Emissions-free energy system saves heat from the summer sun for winter

A catalyst for controlling the release of the stored energy.

The energy system MOST works in a circular manner. First, the liquid captures energy from sunlight, in a solar thermal collector on the roof of a building. Then it is stored at room temperature, leading to minimal energy losses. When the energy is needed, it can be drawn through the catalyst so that the liquid heats up. It is envisioned that this warmth can then be utilised in, for example, domestic heating systems, after which the liquid can be sent back up to the roof to collect more energy -- all completely free of emissions, and without damaging the molecules. Credit: Yen Strandqvist/Chalmers University of Technology
The energy system MOST works in a circular manner. First, the liquid captures energy from sunlight, in a solar thermal collector on the roof of a building. Then it is stored at room temperature, leading to minimal energy losses. When the energy is needed, it can be drawn through the catalyst so that the liquid heats up. It is envisioned that this warmth can then be utilised in, for example, domestic heating systems, after which the liquid can be sent back up to the roof to collect more energy -- all completely free of emissions, and without damaging the molecules. Credit: Yen Strandqvist/Chalmers University of Technology

Scientists at the Chalmers University of Technology, Sweden have designed molecule which can store solar energy for later use. Scientists have built up a catalyst for controlling the release of the stored energy. The impetus goes about as a filter, through which the liquid streams, making a reaction that warms the fluid by 63 degrees Celsius.

In the event that the fluid has a temperature of 20 degrees C when pumped through the filter, it turns out the opposite side at 83 degrees C. In the meantime, it restores the particle to its unique frame, so it very well may be then reused in the warming system.

Its been almost a year, scientists presented a molecule that was capable of storing solar energy. The molecule, made from carbon, hydrogen, and nitrogen, has the unique property that when it is hit by sunlight, it is transformed into an energy-rich isomer—a molecule consisting of the same atoms, but bound together in a different way.

This isomer can then be stored for use when that vitality is later required—for instance, during the evening or in winter. It is in a liquid form and is adjusted for use in a solar energy system, which the specialists call the Molecular Solar Thermal Energy Storage (MOST) framework. In the most recent year, the specialists have made awesome advances in the improvement of MOST.

Kasper Moth-Poulsen, a professor at the Department of Chemistry and Chemical Engineering said, “The energy in this isomer can now be stored for up to 18 years. And when we extract the energy and use it, we get a warmth increase greater than we dared hope for,” says the leader of the research team.”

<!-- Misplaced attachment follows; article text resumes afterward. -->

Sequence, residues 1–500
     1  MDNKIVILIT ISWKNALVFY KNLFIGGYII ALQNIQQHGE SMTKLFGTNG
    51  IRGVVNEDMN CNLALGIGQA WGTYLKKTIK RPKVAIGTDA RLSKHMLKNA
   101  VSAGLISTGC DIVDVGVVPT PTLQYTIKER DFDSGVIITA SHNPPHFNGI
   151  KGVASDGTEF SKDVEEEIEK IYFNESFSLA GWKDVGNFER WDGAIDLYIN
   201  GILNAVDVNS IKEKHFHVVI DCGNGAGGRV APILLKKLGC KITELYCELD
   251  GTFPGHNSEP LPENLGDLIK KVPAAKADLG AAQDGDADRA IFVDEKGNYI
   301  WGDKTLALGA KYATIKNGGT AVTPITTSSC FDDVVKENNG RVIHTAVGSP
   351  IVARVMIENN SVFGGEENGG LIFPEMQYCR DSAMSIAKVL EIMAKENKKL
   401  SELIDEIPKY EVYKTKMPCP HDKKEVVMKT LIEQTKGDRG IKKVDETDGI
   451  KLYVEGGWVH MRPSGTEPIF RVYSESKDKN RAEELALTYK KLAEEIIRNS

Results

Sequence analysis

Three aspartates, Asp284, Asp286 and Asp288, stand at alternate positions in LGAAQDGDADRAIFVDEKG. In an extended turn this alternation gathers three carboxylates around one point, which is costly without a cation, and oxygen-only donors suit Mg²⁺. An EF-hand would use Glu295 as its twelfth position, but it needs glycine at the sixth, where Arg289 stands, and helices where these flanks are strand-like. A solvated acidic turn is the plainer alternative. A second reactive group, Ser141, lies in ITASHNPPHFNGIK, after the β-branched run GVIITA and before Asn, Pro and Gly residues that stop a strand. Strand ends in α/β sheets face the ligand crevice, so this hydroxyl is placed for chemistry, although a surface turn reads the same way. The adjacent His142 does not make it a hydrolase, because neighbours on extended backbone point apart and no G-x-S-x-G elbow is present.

Along with this, scientists learned to improve the design of the molecule to increase its storage abilities so that the isomer can store energy for up to 18 years. This was a critical change, as the focal point of the undertaking is fundamentally chemical energy storage. Besides, the framework was beforehand dependent on the utilization of the combustible chemical toluene. However, now, the specialists have figured out how to evacuate the possibly dangerous toluene and rather utilize just the energy-storing molecule.

These advances mean that the MOST system now works in a circular manner. First, the liquid captures energy from sunlight, in a solar thermal collector on the roof of a building. Then it is stored at room temperature, leading to minimizing energy loss.

When the energy is needed, it can be drawn through the catalyst so that the liquid heats up. It is envisioned that this warmth can then be utilized in domestic heating systems, after which the liquid can be sent back up to the roof to collect more energy—all completely free of emissions, and without damaging the molecule.

Kasper Moth-Poulsen said, “We have made many crucial advances recently, and today, we have an emissions-free energy system that works all year around.”

The solar thermal collector is a concave reflector with a pipe in the center. It tracks the sun’s path across the sky and works in the same way as a satellite dish, focusing the sun’s rays at the point where the liquid leads through the pipe. It is even possible to add on an additional pipe with normal water to combine the system with conventional water heating.

Kasper Moth-Poulsen said, “There is a lot left to do. We have just got the system to work. Now we need to ensure everything is optimally designed.”

These advances have been presented in four scientific articles, the most recent appearing in Energy & Environmental Science.